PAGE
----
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What is the difference between Matrixed and Discrete audio channels?

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Discrete means that you have a multi-channel soundtrack that is stored so that each of the tracks stays isolated from each of the other tracks, and you have true separation between all the channels.

Matrixed means that the multi-channels are blended together and stored not isolated from one another. In this case, instead of having each track available as a discrete audio stem- you have to pass the audio through a processor in order to turn it back into multi-channel.

Think of it this way:

Imagine you have 6 different colors of water you wanted to pipe from the water plant to your house. When they get to your house- they need to be separate and placed in special tanks, one for each color.

In a discrete system- each color would be routed from the plant to your house in individual pipes. The water would start out as 6 individual colors, would travel completely separate from one another - each on a dedicated pipe, and would arrive at your home on these 6 discrete pipes. You could then route each color to the appropriate tank, and have the pure 6 colors of water you started with at the plant.

In a matrixed system- the 6 colors water would be combined together and would travel in maybe only two pipes. They would be mixed together in a specific way at the plant- then they would travel down the pipes to your home, where a filter would try to sort them back out into the 6 original colors.

So, in the case of a matrixed system like Pro Logic- this takes 4 original stems of audio and blends them together into just 2 channels ("pipes"). At the other end, a pro logic processor (a filter)- tries to sort them back out into the 4 original stems they started with.

In the case of DD EX, which is a 6.1 channel system that has a matrixed rear center channel- it takes the rear 3 channel audio stems (Rear Left, Rear Right and Rear Center) and blends them together into the 2 available rear channel "pipes" (The front channels and the sub remain completely discrete) - and a EX processor can then sort them back out into the 3 original stems.

Dolby Digital EX basically takes 7 colors or water and passes them using only 6 pipes... using a filter at the other end to re-create that 7th color.

Which formats are which? What is DTS-ES? Is there a DD EX 6.1 discrete? How big of a difference does it make?

Dolby digital does not offer a discrete 6.1 format at this time. Their 5.1 system is a completely discrete audio format, and they simply added a 3rd rear channel (a rear center) using a matrix system as described above.

DTS offers BOTH a "discrete" 6.1 version called DTS-ES Discrete and a matrixed 6.1 version, which I believe they call just DTS-ES.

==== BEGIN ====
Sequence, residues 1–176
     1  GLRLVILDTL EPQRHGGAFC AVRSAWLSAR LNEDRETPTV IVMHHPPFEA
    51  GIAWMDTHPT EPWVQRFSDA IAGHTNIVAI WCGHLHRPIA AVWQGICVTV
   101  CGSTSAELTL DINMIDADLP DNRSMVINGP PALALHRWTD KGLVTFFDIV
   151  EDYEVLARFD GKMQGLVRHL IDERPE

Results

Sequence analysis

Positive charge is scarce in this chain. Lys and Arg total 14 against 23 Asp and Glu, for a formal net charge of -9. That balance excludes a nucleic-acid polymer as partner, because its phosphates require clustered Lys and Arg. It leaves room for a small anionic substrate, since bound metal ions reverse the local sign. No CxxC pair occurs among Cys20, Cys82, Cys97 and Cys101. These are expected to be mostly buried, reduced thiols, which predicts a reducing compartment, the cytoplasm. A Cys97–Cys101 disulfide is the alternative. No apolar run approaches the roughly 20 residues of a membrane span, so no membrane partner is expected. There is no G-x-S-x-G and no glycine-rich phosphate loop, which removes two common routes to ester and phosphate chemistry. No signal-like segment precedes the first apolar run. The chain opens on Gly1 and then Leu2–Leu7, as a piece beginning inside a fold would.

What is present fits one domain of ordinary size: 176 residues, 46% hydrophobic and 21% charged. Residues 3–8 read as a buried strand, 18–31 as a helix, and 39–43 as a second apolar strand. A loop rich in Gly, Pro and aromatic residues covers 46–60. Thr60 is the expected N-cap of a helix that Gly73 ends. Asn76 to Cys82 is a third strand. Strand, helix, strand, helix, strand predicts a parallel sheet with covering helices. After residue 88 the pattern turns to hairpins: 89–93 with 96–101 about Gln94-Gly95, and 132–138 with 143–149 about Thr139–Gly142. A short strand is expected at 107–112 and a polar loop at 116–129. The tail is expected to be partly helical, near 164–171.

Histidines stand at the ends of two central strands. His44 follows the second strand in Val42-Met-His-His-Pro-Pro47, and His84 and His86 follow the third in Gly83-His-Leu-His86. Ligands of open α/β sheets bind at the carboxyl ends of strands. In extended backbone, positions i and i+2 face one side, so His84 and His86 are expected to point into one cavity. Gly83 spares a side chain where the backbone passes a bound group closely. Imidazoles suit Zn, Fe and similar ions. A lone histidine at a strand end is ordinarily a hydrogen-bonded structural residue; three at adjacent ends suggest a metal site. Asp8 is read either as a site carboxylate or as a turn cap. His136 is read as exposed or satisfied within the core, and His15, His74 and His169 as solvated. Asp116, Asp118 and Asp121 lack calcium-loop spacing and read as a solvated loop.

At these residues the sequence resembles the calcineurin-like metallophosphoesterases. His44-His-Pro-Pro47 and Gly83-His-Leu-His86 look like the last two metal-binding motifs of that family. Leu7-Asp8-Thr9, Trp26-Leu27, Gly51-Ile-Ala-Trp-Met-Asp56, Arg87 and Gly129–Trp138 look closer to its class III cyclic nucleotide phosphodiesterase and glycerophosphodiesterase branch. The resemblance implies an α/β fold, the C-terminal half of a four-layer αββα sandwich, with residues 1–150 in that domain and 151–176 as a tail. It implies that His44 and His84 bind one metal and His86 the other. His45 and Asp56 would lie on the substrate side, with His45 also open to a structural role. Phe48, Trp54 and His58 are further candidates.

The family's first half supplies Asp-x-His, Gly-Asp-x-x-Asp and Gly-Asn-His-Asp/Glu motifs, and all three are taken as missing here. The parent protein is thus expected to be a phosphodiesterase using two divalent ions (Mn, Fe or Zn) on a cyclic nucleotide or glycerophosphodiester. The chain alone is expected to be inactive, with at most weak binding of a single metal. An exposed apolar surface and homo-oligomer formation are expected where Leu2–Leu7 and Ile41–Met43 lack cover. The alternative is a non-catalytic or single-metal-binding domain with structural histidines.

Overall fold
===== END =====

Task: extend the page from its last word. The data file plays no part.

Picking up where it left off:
How big of a difference does it make? Well, to me, very little.

Although I personally saw Dolby's decision to make the rear center a "matrixed" channel as a step BACKWARDS- to be honest this type of matrixing is the easiest to do. Any time you have a stereo signal- it is very easy to find a "center" image within that signal. Simply analyze the stereo signal, and figure out what is being sent equally to both speakers- and boom, you have a "center" channel. For the most part, I would say that the difference between a matrixed 6.1 signal and a discrete 6.1 signal would be slight-- especially for rear channels.

Also, keep in mind that there are less than 20 discrete DTS-ES encoded titles on the market right now (I'd even guess less than a dozen, but don't quote me on that).

Having all decoding schemes available in your receiver is probably the ideal, just to make sure you can enjoy everything that is available- but if your processor doesn't do DTS-ES discrete 6.1, I wouldn't sweat it too much.

Also- another issue you might need to understand is the idea of the EX matrix type decoding. As I said above, in real basic terms a EX processor takes the 2 rear channels and analyzes the two signals, and figure out what is being sent equally to both speakers- and creates a "center" channel from that.

This process can be activated with or without specific EX encoding.

In other words, you could run EX processing on any 5.1 title, and chances are you'd get some sort of rear center channel activity. On many titles, it is equally good as any title specifically created for EX.


The truth is, as far as I can tell, dolby has no intention of redoing their system to create a discrete 6.1 system. Without getting too technical- the basic design of dolby digital audio encoding means that a discrete 6.1 system probably couldn't be backwards compatible to a 5.1 decoder, and new docoder systems would need to be designed.

So a theoretic Dolby Discrete 6.1 disc probably couldn't be played back on a current system- where DTS discrete titles are backward compatible and work with the regualar DTS decoder.

Since dolby seems to have no desire to do anything beyond the matrixed DD-EX 6.1, and the fact that Dolby is releasing 10 times as many 6.1 titles as DTS, it seems obvious that DD-EX will be here for a while.

Article written by Vince Maskeeper of www.musicianassist.com . Thanks also to www.HomeTheaterForum.com.

Copyright 2002. All rights reserved. Reprinted by permission.

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